Issues do not fall from the sky. People can be convinced and converted. Marginalized groups, whether they were labor unions in the 1930s, Southern California conservatives in the 1950s, civil rights organizations in the 1960s, socially conservative church groups in the 1980s, or the Tea Party activists just a few years ago got their power from first making people aware of issues and then mobilizing them. These grassroots activists were typically very passionate and angry. Often these groups’ enthusiasm or anger drove away the opposition. All of these movements were initially local rather than national, less concerned about electing people to big time offices and more concerned with raising awareness and getting folks on the ground involved. The same thing, a profound sense of marginalization, fueled all of these movements.

Door-to-door politics takes on a different dimension in the age of social media. Nowadays grassroots politics is called “the ground game,” but at its heart the ground game is just small-scale shoe-leather politics enhanced by modern technology. The 2012 Obama campaign set the gold standard for a successful modern grassroots politics that combines today’s media technology with old-fashioned boots on the ground politics.

Unless you have a few hundred millions dollars you won’t be copying this model any time soon, but it can be used on a smaller scale. Environmental organizations do it, and if Republicans are a little queasy about using tree huggers as models, they can consider the Tea Party movement, especially in its early stage.

As hard and as unprecedented as it would be for Hawaii Republicans, grassroots politics is the only feasible alternative. It will require a very different mental timeline that thinks less about finding good candidates and more about understanding that as long as the party is so weak, there is no such thing as a good candidate. It requires a more compelling combination of disaffection, optimism, and willingness to work very hard for initially small rewards.

Do Hawaii Republican activists have the passion, time, and energy to do this? It would be an understandably human response if they choose not to, especially at a time when civic involvement seems to be diminishing in this country. And it is insensitive simply to say to a person, “Get with it! You are not angry enough.” But before Republican stalwarts dismiss this strategy, they need to ask themselves this question: is there a better plan, one that is not full of self-deception?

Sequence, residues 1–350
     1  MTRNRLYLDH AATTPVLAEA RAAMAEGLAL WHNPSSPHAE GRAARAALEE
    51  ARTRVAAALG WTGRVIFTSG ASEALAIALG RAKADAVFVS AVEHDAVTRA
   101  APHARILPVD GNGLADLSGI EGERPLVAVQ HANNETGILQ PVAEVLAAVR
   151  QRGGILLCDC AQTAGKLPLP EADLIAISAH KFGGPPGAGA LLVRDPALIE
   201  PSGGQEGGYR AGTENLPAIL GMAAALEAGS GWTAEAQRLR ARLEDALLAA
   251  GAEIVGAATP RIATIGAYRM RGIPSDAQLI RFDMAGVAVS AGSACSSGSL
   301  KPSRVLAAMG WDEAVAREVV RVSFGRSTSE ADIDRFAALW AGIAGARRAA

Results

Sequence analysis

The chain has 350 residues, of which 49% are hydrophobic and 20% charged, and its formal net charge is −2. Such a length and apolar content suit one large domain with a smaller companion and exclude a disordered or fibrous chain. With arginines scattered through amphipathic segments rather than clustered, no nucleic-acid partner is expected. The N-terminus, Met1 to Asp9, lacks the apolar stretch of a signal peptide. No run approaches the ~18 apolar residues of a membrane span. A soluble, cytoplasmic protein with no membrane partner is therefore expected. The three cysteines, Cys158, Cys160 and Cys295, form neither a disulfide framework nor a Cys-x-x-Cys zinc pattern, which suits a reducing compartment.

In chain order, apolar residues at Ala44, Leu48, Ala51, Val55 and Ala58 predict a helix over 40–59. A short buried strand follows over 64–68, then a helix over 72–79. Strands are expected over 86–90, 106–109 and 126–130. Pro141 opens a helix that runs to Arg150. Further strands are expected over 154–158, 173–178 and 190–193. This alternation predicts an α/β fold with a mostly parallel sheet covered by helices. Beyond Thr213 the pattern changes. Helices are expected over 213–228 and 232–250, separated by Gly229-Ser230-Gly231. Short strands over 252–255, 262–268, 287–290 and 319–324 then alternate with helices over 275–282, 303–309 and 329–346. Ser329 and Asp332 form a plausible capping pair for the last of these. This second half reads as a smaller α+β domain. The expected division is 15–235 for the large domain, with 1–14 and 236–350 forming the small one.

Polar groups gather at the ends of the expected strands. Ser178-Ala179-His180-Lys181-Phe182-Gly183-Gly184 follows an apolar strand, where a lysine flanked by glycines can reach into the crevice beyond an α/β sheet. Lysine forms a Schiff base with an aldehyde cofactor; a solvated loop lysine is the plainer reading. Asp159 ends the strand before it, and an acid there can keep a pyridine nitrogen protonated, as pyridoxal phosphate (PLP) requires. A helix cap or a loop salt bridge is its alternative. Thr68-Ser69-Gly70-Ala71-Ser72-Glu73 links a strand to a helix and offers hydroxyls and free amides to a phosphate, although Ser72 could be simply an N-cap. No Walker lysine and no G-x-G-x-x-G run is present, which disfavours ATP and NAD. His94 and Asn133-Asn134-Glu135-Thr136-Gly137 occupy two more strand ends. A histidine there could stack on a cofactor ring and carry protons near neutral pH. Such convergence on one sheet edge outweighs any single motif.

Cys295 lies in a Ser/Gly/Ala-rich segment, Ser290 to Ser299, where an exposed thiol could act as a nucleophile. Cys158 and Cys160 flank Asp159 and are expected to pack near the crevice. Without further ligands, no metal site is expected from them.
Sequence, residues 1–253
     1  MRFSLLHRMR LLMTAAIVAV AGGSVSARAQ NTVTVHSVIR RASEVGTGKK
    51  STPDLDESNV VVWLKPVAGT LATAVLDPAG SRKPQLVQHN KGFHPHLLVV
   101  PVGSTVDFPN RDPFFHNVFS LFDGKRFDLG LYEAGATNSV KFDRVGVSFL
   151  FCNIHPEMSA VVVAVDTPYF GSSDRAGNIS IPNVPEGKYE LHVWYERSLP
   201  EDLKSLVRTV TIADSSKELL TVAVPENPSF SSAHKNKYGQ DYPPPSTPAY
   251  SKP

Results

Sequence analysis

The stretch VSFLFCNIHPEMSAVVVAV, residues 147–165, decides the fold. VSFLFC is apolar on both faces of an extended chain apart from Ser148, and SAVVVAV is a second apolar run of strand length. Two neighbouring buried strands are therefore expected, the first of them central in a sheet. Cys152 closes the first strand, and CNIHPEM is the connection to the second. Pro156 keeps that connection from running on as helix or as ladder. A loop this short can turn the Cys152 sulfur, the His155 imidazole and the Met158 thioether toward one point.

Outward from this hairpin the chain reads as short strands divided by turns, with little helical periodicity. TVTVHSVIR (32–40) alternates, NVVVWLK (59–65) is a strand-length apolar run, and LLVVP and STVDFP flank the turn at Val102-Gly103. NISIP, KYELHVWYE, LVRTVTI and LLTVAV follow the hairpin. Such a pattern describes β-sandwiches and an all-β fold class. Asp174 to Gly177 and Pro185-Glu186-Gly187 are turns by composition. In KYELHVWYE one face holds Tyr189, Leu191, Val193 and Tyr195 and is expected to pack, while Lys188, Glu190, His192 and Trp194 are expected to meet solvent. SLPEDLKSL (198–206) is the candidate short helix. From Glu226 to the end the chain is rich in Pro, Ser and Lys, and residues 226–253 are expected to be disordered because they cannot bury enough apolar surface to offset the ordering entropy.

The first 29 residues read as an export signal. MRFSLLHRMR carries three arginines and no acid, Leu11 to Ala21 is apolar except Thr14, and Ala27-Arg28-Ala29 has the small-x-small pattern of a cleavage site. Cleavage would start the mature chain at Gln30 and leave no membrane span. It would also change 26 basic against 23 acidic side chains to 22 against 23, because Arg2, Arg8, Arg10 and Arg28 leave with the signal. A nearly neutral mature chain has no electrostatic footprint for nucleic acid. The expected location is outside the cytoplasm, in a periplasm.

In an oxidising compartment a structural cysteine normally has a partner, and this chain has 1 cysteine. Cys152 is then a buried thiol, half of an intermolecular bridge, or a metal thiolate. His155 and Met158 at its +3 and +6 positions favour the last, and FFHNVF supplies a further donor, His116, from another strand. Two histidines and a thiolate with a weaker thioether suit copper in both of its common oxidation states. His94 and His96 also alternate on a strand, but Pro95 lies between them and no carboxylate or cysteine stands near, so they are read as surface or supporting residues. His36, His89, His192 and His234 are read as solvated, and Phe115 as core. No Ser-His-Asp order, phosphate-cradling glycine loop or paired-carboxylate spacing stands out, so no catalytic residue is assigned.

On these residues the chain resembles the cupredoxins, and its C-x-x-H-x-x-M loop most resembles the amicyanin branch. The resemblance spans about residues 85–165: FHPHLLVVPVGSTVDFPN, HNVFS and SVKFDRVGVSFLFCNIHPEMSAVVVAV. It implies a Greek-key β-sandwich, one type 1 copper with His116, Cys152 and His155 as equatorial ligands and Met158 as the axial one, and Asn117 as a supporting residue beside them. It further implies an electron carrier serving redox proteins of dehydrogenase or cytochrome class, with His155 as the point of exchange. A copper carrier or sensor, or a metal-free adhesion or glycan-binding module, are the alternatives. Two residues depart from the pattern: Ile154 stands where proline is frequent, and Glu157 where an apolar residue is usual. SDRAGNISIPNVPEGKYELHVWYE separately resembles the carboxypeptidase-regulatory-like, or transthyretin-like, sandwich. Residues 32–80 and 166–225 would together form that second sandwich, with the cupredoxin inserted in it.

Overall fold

read … Something Intelligent

120,000 Join in Kids Vote Hawaii,Djou Wins 63-37

SA: This year, more than 120,000 K-12 students statewide participated in Kids Voting Hawaii, the program's highest participation since it started in the state in 1996.

Seventy-five percent of students voted for President Barack Obama, while former Gov. Mitt Romney received 18 percent, according to Kids Voting Hawaii results. Rifleman said he voted for Obama because "I thought he spoke more for me."

Democrats Mazie Hirono and Tulsi Gabbard beat their Republican congressional challengers, former Gov. Linda Lingle and Kawika Crowley, while Republican Charles Djou led Democrat Colleen Hanabusa 63 percent to 37 percent.

On Oahu, students voted 55 percent for Kirk Caldwell and 45 percent for Ben Cayetano for Honolulu mayor. Students on Hawaii island voted 65 percent to 35 percent for Mayor Billy Kenoi over challenger Harry Kim.

Students statewide also voted on a number of issues proposed by fellow students, ranging from whether school lunches should offer more fruits and vegetables to whether flavored tobacco products should be banned.

read … The Future

District by District Where They Won

CB: Republican Senate candidate Linda Lingle, a two-term governor, carried just one of Hawaii's 51 state House districts, while GOP presidential hopeful Mitt Romney failed to do even that, a Civil Beat analysis of general election results shows.